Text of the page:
Faculty at Iowa State University's College of Veterinary Medicine are laying the groundwork to teach students swine-medicine skills using virtual telehealth technology, a method that could reinforce biosecurity while allowing students to see more cases than they would using traditional approaches to teaching veterinary skills.
The use of telehealth, a suite of electronic and telecommunication technologies, to supplement the teaching of veterinary students is still in its infancy, but the coronavirus pandemic accelerated the use and acceptance of telehealth technologies since early 2020.
A grant from the U.S. Department of Agriculture's National Institute of Food and Agriculture has allowed veterinarians at Iowa State's Swine Medicine Education Center (SMEC) to partner with livestock precision farming company Distynct and the VetNOW veterinary telehealth platform to test the waters. The partnership led to a successful proof-of-concept test in October during which a participant successfully learned how to draw blood from a pig while receiving instruction from a remote veterinarian via telehealth technology.
ISU veterinarians are developing further technological capabilities and foresee a bright future for telehealth in veterinary medicine.
"Telehealth is the direction we're headed. It's the future," says Kristin Skoland, program specialist at SMEC. "Especially with the pandemic, people are used to being at home and using conferencing technology to be able to gain access to resources."
"Shot in the arm" from the pandemic
SMEC received a USDA-NIFA veterinary services grant program award of $240,000 to begin exploring veterinary applications for telehealth technology before the coronavirus pandemic, but the pandemic sent those efforts into overdrive. The pandemic limited the accessibility veterinarians had to farms, and, at the same time, people all over the world embraced video conferencing technology almost overnight. Both factors made it clear that telehealth had a role to play in veterinary medicine, says Locke Karriker, Morill Professor of Veterinary Diagnostic and Production Animal Medicine and SMEC director.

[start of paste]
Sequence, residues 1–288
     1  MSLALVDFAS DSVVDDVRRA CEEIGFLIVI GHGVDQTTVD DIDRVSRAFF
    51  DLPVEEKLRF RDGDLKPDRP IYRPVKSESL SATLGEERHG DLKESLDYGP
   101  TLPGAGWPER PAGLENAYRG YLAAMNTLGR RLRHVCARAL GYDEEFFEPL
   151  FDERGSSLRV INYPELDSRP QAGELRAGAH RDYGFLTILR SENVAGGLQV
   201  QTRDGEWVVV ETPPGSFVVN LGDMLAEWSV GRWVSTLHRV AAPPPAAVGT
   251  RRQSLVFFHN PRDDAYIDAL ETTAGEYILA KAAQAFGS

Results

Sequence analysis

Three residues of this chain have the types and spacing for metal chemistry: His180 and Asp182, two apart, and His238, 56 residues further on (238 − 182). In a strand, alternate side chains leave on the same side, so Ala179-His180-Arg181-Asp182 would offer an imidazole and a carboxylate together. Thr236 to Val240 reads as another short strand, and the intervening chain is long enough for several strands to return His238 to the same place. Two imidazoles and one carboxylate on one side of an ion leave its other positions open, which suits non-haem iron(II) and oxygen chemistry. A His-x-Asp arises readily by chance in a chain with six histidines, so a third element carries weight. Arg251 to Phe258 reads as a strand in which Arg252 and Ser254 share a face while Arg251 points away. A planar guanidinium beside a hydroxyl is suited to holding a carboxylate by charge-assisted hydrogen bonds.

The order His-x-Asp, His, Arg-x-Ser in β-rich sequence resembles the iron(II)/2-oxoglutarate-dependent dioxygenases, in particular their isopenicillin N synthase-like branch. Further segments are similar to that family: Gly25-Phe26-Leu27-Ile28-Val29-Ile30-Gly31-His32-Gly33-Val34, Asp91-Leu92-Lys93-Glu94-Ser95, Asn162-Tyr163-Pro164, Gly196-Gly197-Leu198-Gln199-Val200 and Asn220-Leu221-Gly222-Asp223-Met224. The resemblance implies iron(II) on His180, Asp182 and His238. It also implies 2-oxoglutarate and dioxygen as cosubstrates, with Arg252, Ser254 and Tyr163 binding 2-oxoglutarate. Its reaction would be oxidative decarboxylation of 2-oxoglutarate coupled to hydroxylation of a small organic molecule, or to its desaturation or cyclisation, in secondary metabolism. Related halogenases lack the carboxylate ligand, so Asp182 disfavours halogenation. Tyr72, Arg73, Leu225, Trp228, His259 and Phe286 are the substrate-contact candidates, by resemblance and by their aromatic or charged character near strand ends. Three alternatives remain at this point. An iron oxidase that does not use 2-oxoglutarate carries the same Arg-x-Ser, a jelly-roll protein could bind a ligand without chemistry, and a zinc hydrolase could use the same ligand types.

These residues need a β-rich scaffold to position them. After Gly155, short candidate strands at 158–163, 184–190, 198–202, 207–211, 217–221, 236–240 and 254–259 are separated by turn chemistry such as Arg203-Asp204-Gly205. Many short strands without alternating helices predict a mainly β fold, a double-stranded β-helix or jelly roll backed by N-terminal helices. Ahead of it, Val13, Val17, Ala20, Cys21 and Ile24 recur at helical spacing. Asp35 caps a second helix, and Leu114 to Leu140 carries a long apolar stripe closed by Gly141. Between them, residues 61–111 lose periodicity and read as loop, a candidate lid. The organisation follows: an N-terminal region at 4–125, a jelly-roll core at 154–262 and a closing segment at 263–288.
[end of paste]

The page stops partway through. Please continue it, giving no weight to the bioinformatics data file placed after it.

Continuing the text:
"Before the pandemic, telehealth was really in a fledgling state in the swine medicine world," Karriker says. "The pandemic gave the project a shot in the arm."
Meredith Petersen, a postdoctoral research associate for SMEC, took on the task of developing telehealth capabilities as part of her doctoral project. She immediately saw the technology's potential to provide a range of benefits for livestock producers, veterinarians and veterinary students.
For instance, Petersen said veterinary students can gain access to more facilities virtually than they can in the real world, allowing them to see more animals and review more cases than they would with strictly in-person and on-site instruction. Fourth-year veterinary students participate in two-week clinical rotations on farms to gain hands-on experience. Petersen foresees a future in which telehealth technology expands on the rotation experience, allowing students to see what's happening on farms outside of the two weeks designated for their rotations.
Telehealth technology also allows for more students to tour facilities that may limit access due to strict biosecurity measures. For instance, in the swine industry, boar studs are kept under strict biosecurity due to their value. Telehealth might allow for more students to see how such facilities are run without being physically present.
Proof of concept
Catherine Neal is an employee for VetNOW, a company that designed a platform of veterinary telehealth technologies. Neal had no formal veterinary training, but earlier this year she found herself on a swine farm managed by the Audubon Manning Veterinary Clinic. Neal showed up with a box of veterinary supplies, a camera and a speaker and took on the role of a veterinary student to test how well telemedicine technology can teach clinical skills.
Distynct provided boosted cellular connectivity to the facility so Neal could use the VetNOW platform to communicate with Gabi Doughan, a veterinarian at the Swine Medicine Education Center. Neal watched a SMEC instructional video on drawing blood from pigs, then Doughan walked Neal through her first blood draw on a real pig.
"Dr. Doughan was at the university and was able to see everything that I showed her as I walked around the barn," Neal says.
Neal successfully completed the blood draw on her first attempt and conducted two more successful draws after that.
"I felt comfortable with what I was being instructed to do, and I felt supported throughout the entire experience," Neal says, adding she would be receptive to learning additional skills using telemedicine instruction.
The future of veterinary telehealth
Karriker noted that high-speed internet is critical to the success of telehealth, but many swine facilities are in rural regions where internet access can be spotty. That may pose a challenge as SMEC continues to expand telehealth opportunities.
But investing in telehealth now could pay enormous dividends in the event of a veterinary crisis, such as a foreign animal disease outbreak among U.S. herds. Such an outbreak will require enormous diagnostic capabilities, and many in animal agriculture worry the demands could push current veterinary infrastructure to its limit. Telehealth options could allow veterinarians to monitor livestock in more locations with greater efficiency, Karriker says.
"What happens next is dependent on the collaboration of a lot of folks," Karriker says. "We have some proof of concept, and we think there's some real imperative to keep building on this."